More Steps for Open Access

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Jonathan Eisen, an evolutionary biologist at U.C. Davis Genome Center, has been named the first Academic Editor-in-Chief at the Public Library of Science (PLoS) journal PLoS Biology. He wrote an editorial published Tuesday on the PLoS Biology website that discusses his conversion and commitment to open-access publishing. His personal experience exemplifies what to me is the principle reason for open access [1]:

So there I was — a scientist and a taxpayer — desperate to read the results of work that I helped pay for and work that might give me more knowledge than possessed by our doctors. And yet either I could not get the papers or I had to pay to read them without knowing if they would be helpful.

Decisions in health and medicine frequently aren’t black and white. In the Internet age, more and more people are using the web to guide healthcare decision making. Allowing healthcare consumers and e-patients access to evidence from biomedical research studies will enable them to make more informed decisions about their healthcare. Open access is pivotal to that empowerment.

Why is Open Access Important?

open-access.jpgThe foundation for future progress in health and medicine is biomedical research. Open access is advantageous for the way scholarly research is executed and how results and conclusions are used.

Open access publishing provides exposure to the widest audience. Anyone interested in the research can read it, which translates into increased usage and greater impact. Open Access also means greater visibility, accessibility and impact of scientific research. A recent study of open access to research literature provided evidence that open-access articles are more immediately recognized and cited than non-open-access articles [2], suggesting that open access is likely to benefit science by accelerating dissemination of research findings. And clearly, faster diffusion of research impacts future investigation. Indeed, everyone has an interest in “the efficient and effective progress of scholarly endeavor” [3].

The NIH Public Access Policy

On April 7, 2008, the National Institutes of Health (NIH) public access policy goes into effect. The policy makes mandatory a previously voluntary NIH initiative to submit electronic versions of final, peer-reviewed manuscripts upon acceptance for publication to the National Library of Medicine’s PubMed Central. Submitted articles will be made publicly available no later than 12 months after the official date of publication. The policy applies to any journal article supported in whole or part by funding from the NIH.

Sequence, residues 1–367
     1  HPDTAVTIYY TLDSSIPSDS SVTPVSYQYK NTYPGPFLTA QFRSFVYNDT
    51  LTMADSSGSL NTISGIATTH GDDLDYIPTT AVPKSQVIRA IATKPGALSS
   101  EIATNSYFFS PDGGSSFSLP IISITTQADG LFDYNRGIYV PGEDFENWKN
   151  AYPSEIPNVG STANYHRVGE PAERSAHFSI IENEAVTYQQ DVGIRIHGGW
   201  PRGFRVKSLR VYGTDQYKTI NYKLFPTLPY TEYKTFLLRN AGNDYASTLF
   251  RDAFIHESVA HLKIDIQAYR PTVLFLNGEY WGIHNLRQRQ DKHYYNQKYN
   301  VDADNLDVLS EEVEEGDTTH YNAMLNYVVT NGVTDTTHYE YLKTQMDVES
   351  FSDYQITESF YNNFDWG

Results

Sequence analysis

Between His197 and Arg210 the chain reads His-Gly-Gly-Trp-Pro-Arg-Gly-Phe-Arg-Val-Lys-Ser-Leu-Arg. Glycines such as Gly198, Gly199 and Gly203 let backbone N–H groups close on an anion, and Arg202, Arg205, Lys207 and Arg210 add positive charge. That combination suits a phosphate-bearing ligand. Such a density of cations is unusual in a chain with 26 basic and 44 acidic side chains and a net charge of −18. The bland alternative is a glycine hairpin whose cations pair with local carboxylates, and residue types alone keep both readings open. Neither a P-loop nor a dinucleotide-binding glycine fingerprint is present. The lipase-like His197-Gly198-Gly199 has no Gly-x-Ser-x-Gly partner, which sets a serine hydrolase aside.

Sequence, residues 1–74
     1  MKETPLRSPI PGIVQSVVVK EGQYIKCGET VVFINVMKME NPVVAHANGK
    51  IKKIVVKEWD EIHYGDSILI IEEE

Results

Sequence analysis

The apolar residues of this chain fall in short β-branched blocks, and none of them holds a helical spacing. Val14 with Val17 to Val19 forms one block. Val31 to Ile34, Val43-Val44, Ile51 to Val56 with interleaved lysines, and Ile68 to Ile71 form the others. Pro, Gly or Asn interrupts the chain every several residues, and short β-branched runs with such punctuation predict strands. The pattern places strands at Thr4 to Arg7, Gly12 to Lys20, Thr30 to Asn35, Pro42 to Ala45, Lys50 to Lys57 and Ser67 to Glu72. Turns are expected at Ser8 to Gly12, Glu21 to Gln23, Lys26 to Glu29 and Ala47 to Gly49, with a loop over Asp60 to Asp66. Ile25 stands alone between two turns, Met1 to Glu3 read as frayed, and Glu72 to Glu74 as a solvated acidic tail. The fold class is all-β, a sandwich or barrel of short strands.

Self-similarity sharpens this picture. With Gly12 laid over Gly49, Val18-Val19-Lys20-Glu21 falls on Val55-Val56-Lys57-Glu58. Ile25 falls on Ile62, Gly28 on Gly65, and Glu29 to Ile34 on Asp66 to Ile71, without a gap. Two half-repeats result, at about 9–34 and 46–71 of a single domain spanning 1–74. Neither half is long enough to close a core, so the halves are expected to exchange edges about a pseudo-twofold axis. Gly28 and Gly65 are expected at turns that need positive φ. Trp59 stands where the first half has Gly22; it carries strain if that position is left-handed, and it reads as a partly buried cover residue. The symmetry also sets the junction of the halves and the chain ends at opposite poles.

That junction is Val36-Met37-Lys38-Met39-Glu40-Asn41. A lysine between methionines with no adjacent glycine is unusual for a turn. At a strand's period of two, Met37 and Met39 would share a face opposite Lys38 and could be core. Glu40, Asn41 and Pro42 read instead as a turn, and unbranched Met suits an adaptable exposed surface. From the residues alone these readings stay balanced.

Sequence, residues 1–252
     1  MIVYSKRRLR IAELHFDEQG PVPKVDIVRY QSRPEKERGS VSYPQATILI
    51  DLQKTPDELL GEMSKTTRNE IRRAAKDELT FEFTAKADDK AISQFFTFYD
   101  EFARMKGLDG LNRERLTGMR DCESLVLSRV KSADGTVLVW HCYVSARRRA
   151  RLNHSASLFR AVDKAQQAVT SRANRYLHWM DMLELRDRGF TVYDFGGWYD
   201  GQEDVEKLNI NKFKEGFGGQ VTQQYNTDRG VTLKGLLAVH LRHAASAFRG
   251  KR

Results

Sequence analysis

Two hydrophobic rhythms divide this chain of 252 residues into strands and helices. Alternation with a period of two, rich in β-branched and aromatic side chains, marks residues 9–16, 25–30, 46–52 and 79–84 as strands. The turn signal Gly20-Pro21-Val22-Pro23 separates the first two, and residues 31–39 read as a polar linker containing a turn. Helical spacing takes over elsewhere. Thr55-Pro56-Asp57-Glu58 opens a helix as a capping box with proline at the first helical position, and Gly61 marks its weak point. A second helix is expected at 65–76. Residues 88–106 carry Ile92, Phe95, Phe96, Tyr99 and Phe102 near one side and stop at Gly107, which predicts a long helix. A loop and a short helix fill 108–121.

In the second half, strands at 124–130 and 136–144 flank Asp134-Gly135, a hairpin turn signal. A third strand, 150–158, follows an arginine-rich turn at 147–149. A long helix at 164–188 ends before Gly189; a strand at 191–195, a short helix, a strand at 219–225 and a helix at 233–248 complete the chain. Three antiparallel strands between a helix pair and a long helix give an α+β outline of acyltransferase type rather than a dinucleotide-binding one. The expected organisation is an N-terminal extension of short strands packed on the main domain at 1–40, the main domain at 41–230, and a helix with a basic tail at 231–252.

However, some object to the policy, including The Association of American Publishers, who is questioning the policy’s legality, claiming that it undermines publisher copyright and is inconsistent with U.S. intellectual property laws. The AAP wants the NIH to get public input in a formal rulemaking [4].

What can you as a healthcare consumer do? Tell your Senators and Representatives that you expect your government to support science and the public interest over the private interests of publishers. Insist that taxpayer-funded research be made available free of charge to the public.

More information for faculty, administrators, librarians, students, foundations, societies and governments on how to support open access can be found in Peter Suber’s article What you can do to promote open access.

References

  1. Eisen JA. PLoS Biology 2.0. PLoS Biol. 2008 6(2): e48 doi:10.1371/journal.pbio.0060048.
  2. Eysenbach G. Citation advantage of open access articles. PLoS Biol. 2006 May;4(5):e157. Epub 2006 May 16.
    View abstract
  3. Swan A. Open Acess: Why should we have it? Cahiers de la Documentation: Bladen voor Documentatie. 2006.
  4. Sciencescope. Science. 2008 Jan 11;319(5860):145.
About the Author

Walter Jessen is a senior writer for Highlight HEALTH Media.